It was also fascinating to realise that, when it comes to elections, foreign affairs just don’t matter that much. No one seemed too concerned that Corbyn and those closest to him are pro Putin; that the shadow chancellor John McDonnell paraded under an Assad flag, or that Seumas Milne, Corbyn’s director of strategy and communications, thinks Stalin and the Stasi have been mistreated by history (yes, really).

Labour did not win the election, but they could have done. Since the Brexit vote politics have been turned upside down: Britain seems to be split, and the future is unpredictable. But whatever happens next, politicians need to take note of all the electorate – the many, not just the few.

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What I’ve learnt on the doorstep in London

What I’ve learnt on the doorstep in London

Ella Garai-Ebner is too young to vote in the general election, so she decided to have her say by knocking on doors as a canvasser for her local Labour Party

Being 17 in the run up to a General Election is excruciatingly painful. Of course, it is inevitable that there will always be people who are slightly too young to vote, but for me, 17 has been the age of really learning about politics and developing my own opinions. It therefore hit me hard that, in this crucial election, I would not be getting a say in my own future.

After the initial “this is so unfair, so typical that is has to be NOW” annoyance, I decided that I would not sit back, dwell on my irritation, and swear at the TV during every debate. I wanted to take action and show my support for the Labour Party, so I took a look at the Labour website to find campaigning events near me and decided to go canvassing.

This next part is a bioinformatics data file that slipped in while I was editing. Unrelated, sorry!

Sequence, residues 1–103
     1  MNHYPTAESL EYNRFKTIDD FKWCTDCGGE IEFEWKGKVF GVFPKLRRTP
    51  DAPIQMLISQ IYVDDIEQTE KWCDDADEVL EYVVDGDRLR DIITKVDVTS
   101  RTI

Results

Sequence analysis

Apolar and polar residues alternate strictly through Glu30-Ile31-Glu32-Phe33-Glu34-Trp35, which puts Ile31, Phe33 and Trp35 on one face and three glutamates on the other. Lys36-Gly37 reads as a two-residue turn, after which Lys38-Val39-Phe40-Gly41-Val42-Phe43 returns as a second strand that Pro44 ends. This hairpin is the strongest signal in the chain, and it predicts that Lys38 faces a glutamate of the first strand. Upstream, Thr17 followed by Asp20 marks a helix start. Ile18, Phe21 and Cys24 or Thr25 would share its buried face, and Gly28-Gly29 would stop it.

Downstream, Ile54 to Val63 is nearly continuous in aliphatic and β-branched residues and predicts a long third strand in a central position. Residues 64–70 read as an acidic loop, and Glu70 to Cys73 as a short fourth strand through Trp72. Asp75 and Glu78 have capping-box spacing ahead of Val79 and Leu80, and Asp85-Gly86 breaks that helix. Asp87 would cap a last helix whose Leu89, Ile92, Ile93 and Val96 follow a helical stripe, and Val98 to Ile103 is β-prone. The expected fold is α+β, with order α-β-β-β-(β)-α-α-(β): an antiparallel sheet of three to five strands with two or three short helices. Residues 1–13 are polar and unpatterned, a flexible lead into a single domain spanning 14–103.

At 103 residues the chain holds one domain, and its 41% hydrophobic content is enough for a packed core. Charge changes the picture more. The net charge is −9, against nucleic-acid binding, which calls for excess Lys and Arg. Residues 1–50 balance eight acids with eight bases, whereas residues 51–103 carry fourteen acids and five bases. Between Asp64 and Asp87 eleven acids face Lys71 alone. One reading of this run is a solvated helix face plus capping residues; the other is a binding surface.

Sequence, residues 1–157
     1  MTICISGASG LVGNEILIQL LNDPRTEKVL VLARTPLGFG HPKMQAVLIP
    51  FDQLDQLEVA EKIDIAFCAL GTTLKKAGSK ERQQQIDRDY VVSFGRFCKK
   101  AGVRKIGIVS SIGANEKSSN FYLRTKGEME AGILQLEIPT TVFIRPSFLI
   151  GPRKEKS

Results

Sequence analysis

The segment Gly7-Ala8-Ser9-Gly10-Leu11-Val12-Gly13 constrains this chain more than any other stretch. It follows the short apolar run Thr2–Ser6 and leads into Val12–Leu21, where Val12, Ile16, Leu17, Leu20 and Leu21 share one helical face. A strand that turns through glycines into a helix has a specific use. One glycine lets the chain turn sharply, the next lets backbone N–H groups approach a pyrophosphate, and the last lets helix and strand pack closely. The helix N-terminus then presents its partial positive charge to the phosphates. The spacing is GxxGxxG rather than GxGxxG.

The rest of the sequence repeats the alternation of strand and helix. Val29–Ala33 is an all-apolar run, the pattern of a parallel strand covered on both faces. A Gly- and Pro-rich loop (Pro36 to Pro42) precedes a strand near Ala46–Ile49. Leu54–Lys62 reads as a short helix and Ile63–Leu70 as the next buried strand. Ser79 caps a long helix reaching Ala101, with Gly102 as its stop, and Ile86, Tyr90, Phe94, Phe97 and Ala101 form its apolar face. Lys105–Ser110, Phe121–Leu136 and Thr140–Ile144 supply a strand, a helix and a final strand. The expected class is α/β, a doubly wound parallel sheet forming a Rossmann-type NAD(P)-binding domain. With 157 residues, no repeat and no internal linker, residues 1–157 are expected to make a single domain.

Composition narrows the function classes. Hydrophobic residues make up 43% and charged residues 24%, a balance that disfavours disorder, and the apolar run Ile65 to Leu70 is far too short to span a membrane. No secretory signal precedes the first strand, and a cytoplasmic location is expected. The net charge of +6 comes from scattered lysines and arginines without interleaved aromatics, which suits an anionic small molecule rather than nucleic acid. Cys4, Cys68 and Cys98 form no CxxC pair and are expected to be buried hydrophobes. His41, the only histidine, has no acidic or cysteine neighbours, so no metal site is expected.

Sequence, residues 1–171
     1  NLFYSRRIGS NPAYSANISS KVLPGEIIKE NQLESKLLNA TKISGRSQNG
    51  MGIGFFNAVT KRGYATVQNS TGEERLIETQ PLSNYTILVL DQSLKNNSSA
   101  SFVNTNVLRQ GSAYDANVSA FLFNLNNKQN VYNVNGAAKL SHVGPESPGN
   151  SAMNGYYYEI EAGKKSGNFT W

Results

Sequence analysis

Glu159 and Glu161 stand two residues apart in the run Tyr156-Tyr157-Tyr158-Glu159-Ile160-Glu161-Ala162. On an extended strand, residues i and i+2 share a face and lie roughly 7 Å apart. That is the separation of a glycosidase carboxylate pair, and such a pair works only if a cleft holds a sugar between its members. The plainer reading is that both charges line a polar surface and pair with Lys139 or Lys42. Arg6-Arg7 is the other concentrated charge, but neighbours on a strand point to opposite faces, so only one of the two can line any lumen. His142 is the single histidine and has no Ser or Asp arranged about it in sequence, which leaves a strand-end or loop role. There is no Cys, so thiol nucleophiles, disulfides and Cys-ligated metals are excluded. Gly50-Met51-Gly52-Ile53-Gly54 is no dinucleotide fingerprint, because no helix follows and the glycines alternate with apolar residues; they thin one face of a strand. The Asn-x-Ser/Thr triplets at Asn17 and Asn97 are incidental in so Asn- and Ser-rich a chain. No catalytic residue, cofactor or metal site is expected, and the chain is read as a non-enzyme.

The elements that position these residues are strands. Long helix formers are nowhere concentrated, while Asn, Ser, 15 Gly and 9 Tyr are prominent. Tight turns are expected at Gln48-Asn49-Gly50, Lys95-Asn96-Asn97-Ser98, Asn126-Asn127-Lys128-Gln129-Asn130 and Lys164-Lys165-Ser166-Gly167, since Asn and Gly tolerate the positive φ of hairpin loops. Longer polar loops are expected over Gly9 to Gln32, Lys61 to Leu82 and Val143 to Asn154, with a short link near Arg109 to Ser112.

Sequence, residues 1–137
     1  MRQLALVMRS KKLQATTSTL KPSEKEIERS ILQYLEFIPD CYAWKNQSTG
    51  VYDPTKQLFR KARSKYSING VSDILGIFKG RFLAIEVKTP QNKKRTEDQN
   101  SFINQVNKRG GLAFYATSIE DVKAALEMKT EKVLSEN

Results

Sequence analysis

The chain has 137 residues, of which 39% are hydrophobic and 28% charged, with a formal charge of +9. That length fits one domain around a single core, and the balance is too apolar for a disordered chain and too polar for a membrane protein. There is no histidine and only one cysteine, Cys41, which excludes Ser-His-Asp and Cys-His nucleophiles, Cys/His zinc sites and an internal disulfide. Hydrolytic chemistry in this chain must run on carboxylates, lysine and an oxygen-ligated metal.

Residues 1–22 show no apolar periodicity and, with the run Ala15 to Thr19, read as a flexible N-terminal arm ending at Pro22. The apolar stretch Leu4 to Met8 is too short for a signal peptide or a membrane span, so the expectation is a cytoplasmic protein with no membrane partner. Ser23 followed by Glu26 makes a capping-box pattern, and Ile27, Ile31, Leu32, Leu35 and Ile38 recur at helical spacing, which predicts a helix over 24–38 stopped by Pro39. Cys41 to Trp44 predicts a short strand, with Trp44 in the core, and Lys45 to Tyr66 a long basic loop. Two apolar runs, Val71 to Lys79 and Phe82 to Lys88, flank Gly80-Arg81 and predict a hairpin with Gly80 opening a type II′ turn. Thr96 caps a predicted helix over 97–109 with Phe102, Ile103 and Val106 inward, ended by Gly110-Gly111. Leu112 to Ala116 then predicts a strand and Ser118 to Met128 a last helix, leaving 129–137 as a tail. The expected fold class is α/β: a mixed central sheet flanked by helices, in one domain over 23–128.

Getting off the bus that morning, I honestly had no idea what to expect. Who would I meet? Would they be friendly? Would they tell me what to do? What to say? I’m an introvert, prone to freezing and awkward silences – this felt far out of my comfort zone.

When I arrived at the meeting place, I loitered self-consciously, trying to work out whom to approach. Luckily, the awkwardness was spotted, introductions were quickly made and I proudly stuck on “I’m voting Jeremy Newmark” stickers.

The process was very well explained to us, and it was clear that we would not be thrown into the deep end – first-time canvassers like me would be paired with an experienced canvasser, at least until we felt comfortable enough to knock on doors by ourselves.

The group I was in consisted of six people, plus the Labour candidate for our North London constituency – Jeremy Newmark, a friendly, interested, and approachable person. The idea is to “leapfrog” between houses, spotting where another person has knocked, and moving on to the next house.